Parents for Choice Guest Post: The dangers of ‘conscientious objection’

Members of Parents for Choice attending the 2018 March for Choice

Members of Parents for Choice attending the 2018 March for Choice

This guest post was written by members of Parents for Choice in Pregnancy and Childbirth (also Parents Together for Yes). It closely mirrors the guest blog post written recently by Paola Rivetti of MERJ (Migrants and Ethnic Minorities for Reproductive Justice) – check out Paola’s guest post here.

Septicaemia, loss of life, refused a termination. The words are painfully familiar, but this story of the death of a young woman as a result of being denied a termination is not the story of Savita Halappanavar. No, the story from 2016 that resurfaced in the last couple of weeks is that of Valentina Milluzzo, a 32-year-old Italian who contracted septicaemia when miscarrying twins, and died having been refused a life-saving termination because a heartbeat could still be detected.

It’s hard to say what’s more despicable: that a woman is left to die, like Savita, as a result of medical professionals’ hands being tied by unforgiving, strict yet somehow still ambiguous abortion legislation; or that a woman dies, like Valentina, even though the law is on her side, as a result of doctors refusing to perform a termination. Perhaps it doesn’t matter – but one thing is certain: Ireland doesn’t need to go through this again. Ireland has a lot to learn from Italy.

Abortion has been legal in Italy for decades, allowing pregnant people to terminate without restriction as to reason for the first three months of pregnancy, as well as thereafter where the mother’s life is at risk or foetal abnormalities are present. In reality, however, accessing abortion in Italy is far from uncomplicated. Because of a conscience clause in the legislation, allowing doctors, nurses, gynaecologists and others to conscientiously object to the procedure, a growing number of health care professionals now refuse to perform abortions. This forces more and more pregnant people to resort to illegal, sometimes unsafe solutions. According to the Italian government, the number of objecting gynaecologists jumped from 58.7% in 2005 to 70.9% in 2016 – and in Sicily, 86.7% of doctors are conscientious objectors.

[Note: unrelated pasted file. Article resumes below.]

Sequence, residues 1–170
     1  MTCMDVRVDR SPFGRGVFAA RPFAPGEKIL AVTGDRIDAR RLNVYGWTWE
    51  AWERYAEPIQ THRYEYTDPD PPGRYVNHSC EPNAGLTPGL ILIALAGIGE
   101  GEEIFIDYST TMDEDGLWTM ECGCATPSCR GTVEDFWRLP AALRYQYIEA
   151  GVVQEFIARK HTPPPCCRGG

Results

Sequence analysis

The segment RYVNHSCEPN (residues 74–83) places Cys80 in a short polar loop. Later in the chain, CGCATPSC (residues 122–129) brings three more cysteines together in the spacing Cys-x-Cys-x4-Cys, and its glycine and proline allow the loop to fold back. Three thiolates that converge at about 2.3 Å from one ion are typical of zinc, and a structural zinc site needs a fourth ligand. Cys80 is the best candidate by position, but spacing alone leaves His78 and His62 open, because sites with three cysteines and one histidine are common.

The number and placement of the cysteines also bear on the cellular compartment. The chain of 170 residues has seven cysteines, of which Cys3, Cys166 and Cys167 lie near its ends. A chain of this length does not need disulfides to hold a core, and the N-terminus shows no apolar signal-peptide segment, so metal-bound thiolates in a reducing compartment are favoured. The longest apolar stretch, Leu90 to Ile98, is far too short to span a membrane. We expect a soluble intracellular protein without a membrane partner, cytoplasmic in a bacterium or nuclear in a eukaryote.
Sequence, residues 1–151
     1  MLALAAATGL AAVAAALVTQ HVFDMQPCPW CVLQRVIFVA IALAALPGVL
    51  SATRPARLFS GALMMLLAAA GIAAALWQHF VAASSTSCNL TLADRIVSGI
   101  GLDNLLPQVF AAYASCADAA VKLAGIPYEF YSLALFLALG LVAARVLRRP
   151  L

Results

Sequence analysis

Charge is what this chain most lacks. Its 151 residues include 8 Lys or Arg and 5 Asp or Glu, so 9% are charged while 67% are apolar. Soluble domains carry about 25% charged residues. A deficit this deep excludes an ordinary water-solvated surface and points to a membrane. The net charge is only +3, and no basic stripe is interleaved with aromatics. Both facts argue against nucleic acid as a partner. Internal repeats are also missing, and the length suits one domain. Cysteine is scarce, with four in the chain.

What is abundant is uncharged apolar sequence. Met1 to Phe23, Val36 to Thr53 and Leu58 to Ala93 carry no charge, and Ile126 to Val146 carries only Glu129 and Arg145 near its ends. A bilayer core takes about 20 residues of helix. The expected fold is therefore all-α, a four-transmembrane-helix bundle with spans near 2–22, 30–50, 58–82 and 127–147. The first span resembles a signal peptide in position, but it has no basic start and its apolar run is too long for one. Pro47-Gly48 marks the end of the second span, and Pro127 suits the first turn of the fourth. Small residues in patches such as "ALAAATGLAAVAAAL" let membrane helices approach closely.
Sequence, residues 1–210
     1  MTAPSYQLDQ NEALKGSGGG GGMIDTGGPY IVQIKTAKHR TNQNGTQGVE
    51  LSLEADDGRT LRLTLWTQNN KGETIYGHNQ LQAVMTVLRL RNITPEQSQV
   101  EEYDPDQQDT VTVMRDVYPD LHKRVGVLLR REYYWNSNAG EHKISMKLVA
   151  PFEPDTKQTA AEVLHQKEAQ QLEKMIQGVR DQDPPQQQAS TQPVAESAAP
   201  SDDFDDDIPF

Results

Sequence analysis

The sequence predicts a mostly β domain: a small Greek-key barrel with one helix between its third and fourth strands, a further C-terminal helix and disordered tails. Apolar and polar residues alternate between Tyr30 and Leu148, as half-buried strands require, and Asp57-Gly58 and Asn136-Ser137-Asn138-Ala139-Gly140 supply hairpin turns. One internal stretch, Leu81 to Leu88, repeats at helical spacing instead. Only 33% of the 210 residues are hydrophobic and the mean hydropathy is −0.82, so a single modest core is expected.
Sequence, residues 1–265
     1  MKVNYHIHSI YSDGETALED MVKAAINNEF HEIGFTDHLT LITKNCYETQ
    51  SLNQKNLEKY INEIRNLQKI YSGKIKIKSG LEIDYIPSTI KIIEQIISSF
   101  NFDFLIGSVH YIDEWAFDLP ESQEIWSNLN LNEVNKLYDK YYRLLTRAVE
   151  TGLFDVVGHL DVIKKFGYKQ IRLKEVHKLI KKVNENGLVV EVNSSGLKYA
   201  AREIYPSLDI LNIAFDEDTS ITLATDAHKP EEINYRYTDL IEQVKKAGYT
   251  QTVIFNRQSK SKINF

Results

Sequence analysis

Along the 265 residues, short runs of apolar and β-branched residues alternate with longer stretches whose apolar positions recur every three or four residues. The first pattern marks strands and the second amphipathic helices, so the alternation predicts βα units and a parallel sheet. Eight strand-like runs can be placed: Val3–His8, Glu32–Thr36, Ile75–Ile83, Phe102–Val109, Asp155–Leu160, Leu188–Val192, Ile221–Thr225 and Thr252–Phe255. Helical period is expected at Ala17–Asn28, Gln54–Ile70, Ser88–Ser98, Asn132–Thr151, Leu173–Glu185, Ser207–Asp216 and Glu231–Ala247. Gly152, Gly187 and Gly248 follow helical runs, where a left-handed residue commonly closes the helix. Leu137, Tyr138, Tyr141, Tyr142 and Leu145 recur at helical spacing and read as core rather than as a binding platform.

As the debate on the new abortion bill comes to a close in the Dáil this week, we should think of Valentina. You could argue that, had the 8th amendment already been repealed back in 2012 and the new legislation in place, Savita would still be here today. But the truth is that we don’t know that. The truth is that, even though conscientious objection is not allowed in Italy in cases where a pregnant person’s life is at risk, blurred lines and judgement calls put lives at risk – and we can’t know exactly how much risk until it’s too late.

We are hearing about Valentina again right now because a judgement has been reached and seven doctors charged with culpable manslaughter. It is encouraging, if sadly insignificant, that at least the laws in Italy are being enforced. Yet it is hard not to think that none of this should have happened, and that it’s all a waste.

This is the time to tell your TDs how you feel about conscientious objection. The next time you hear the word septicaemia, it might be too late.